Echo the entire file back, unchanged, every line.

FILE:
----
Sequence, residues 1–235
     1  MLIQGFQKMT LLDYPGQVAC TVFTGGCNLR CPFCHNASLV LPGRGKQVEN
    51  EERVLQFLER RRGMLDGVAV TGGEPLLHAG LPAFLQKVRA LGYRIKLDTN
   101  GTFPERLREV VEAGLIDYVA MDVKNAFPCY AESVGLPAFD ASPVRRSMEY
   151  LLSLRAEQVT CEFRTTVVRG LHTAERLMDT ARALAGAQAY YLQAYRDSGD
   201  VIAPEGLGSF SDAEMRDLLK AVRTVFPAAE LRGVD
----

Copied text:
Sequence, residues 1–235
     1  MLIQGFQKMT LLDYPGQVAC TVFTGGCNLR CPFCHNASLV LPGRGKQVEN
    51  EERVLQFLER RRGMLDGVAV TGGEPLLHAG LPAFLQKVRA LGYRIKLDTN
   101  GTFPERLREV VEAGLIDYVA MDVKNAFPCY AESVGLPAFD ASPVRRSMEY
   151  LLSLRAEQVT CEFRTTVVRG LHTAERLMDT ARALAGAQAY YLQAYRDSGD
   201  VIAPEGLGSF SDAEMRDLLK AVRTVFPAAE LRGVD